Take-Two says more expensive games on the PS5/XBSX reflect "the quality of the experience"

midian182

Posts: 6,005   +50
Staff member
A hot potato: We know that some publishers are planning to increase the price of games on next-gen consoles by $10, taking them to an average of $70. One company that's already confirmed the hike is Take-Two Interactive, parent of Rockstar and 2K. Now, it's called the increase "justified" because of the higher development costs and improved user experience.

Last month, research firm IDG reported that more developers were considering increasing the baseline price of AAA games for the PS5 and Xbox Series X. While $60 has been the standard for many years, developing games for the upcoming consoles brings higher costs. Take-Two believes these should be passed on to the consumer, and has already confirmed that NBA 2K21 will be $70 on the machines,

"There hasn't been a price increase for frontline titles for a really long time, despite the fact that it costs a great deal more to make those titles," said Take-Two CEO Strauss Zelnick in an interview with Gamesindustry.biz. "And we think with the value we offer consumers [...] and the kind of experience you can really only have on these next-generation consoles, that the price is justified. But it's easy to say that when you're delivering extraordinary quality, and that's what our company prides itself on doing."

"The pricing has to reflect the quality of the experience, and we aim to provide the best experiences in the business. And from our point of view, it's an extremely modest price change given that prices haven't changed for a very long time."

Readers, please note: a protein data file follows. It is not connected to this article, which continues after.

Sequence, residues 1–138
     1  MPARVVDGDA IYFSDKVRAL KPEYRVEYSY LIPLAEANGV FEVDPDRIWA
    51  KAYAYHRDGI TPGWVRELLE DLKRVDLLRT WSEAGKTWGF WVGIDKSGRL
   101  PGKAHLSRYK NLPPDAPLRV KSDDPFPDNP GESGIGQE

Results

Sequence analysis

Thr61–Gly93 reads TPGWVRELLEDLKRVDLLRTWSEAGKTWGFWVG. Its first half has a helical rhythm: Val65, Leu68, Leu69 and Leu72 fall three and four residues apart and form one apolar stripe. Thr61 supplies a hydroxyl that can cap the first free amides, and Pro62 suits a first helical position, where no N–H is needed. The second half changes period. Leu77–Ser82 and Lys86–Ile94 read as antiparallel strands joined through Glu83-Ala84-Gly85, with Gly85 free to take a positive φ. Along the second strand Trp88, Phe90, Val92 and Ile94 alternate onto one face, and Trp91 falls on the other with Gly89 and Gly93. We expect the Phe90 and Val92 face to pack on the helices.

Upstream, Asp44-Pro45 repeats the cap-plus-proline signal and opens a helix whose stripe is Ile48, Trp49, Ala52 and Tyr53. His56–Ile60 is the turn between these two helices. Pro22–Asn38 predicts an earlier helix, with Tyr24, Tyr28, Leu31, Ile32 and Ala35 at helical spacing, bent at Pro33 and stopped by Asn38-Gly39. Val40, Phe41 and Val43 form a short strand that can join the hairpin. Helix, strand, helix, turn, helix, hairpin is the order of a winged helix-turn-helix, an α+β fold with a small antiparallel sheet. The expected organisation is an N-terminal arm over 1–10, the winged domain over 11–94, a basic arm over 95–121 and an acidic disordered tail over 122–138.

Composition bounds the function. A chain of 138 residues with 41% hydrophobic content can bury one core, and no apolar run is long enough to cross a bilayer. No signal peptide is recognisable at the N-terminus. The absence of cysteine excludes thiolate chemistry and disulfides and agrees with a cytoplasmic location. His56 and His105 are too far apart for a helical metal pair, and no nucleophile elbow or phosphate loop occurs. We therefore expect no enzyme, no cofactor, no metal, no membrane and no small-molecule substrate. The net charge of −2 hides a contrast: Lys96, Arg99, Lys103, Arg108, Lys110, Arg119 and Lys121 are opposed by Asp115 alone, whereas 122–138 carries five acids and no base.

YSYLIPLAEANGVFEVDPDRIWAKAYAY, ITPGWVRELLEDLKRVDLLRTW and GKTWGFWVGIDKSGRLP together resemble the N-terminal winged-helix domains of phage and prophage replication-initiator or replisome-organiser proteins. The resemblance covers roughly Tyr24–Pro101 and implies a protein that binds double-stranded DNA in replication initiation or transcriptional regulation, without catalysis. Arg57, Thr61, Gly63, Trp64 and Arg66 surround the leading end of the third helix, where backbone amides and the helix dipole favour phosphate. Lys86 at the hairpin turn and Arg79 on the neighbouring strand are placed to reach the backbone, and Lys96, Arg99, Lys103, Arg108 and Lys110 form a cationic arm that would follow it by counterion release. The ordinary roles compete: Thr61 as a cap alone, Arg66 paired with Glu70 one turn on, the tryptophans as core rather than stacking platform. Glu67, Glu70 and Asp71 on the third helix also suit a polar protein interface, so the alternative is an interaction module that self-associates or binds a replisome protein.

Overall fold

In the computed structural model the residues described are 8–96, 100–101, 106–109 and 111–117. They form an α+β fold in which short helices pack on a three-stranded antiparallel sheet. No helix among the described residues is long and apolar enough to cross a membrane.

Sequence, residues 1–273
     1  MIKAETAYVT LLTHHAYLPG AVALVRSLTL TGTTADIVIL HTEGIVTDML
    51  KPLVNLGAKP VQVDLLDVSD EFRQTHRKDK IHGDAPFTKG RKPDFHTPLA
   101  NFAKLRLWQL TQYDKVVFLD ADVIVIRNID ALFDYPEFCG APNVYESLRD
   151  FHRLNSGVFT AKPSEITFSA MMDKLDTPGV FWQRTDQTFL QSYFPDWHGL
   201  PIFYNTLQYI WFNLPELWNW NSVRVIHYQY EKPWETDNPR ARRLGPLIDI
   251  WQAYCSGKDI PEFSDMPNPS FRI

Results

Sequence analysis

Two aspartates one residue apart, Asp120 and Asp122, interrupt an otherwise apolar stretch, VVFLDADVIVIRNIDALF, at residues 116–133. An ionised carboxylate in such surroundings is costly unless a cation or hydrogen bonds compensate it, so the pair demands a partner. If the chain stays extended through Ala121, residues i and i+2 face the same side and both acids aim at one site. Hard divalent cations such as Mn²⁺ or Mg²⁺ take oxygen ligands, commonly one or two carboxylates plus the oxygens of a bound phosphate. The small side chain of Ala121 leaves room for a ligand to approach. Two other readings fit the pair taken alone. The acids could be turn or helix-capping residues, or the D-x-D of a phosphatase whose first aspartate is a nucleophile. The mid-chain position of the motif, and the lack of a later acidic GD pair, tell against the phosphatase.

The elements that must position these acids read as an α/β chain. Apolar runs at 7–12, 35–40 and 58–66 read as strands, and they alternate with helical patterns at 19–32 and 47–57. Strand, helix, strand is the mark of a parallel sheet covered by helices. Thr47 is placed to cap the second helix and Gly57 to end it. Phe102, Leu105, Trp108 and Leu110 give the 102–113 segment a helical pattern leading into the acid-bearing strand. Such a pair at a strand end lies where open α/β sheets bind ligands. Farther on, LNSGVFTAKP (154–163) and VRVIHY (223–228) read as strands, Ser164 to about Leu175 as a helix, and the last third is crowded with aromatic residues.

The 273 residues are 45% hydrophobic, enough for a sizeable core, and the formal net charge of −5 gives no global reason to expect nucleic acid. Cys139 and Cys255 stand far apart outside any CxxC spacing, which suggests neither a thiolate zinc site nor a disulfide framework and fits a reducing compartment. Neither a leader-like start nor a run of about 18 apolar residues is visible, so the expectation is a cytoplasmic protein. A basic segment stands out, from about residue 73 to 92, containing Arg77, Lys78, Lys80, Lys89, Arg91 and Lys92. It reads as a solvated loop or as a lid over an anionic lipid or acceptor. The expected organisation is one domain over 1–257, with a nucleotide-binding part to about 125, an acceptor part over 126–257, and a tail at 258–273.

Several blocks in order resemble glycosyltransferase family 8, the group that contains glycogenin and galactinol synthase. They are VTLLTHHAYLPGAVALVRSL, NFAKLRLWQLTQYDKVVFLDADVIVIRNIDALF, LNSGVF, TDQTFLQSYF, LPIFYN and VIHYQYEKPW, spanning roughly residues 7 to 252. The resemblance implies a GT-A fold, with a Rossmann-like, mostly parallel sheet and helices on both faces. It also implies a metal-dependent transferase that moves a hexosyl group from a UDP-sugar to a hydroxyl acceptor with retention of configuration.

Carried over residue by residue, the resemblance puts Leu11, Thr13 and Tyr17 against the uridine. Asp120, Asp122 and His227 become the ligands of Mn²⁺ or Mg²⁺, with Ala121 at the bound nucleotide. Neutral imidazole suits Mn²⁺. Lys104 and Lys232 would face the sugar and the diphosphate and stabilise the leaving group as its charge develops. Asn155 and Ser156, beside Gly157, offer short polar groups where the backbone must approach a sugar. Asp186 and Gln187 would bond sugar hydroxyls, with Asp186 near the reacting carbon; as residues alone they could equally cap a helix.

Strauss did add that not all Take-Two games would see a $10 price jump on the PS5/XBSX, and that pricing would be decided on a "title-by-title basis."

Not every publisher has announced that their next-gen games would be more expensive. Ubisoft says its holiday titles will be the same price on both the PS5/Xbox Series X and current-gen machines. Whether that stance changes in the future remains to be seen.

The last time games saw a price increase was 2005 when they jumped from $49.99 to $59.99. According to IDG, development costs for next-gen titles have risen by 200 to 300 percent. The research firm's president and CEO, Yoshio Osaki, said: "Even with the increase to $69.99 for next-gen, that price increase from 2005 to 2020 next-gen is only up 17%, far lower than the other comparisons."

Are you happy to pay more for next-gen games, or do you feel that prices are high enough already? Let us know in the comments below.

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Uncle Al

Posts: 7,392   +5,830
Sounds like a new marketing department is in order. It's one thing to raise prices in a "go go" economy, but quite another when so many families are out of work and have little to no disposable income ....
 

brucek

Posts: 497   +574
TechSpot Elite
Yes, development costs are up.

Yes, the base price has stayed at $60 a long time.

No, it is not true that total prices haven't increased. See DLC, loot boxes, cosmetic upgrades. etc.

Left out is that market size is way up, meaning many more consumers available to pay the $60 each.

Also I believe distribution costs are down at least for the biggest players (digital download vs. manufactured unit + full retailer cut)
 

candle_86

Posts: 514   +382
I think it makes sense

59.99 in 2005 is the equivalent of 79.19 today. They still arnt going to make the profit they did per game in 2005. In 1997 a new game was 49 which is the equivalent of 80 today. So if they adjusted it for inflation like everyone else in the market you'd be paying 80. But oddly enough everyone was fine spending that percentage of money back then but not today.
 
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fl21289

Posts: 111   +99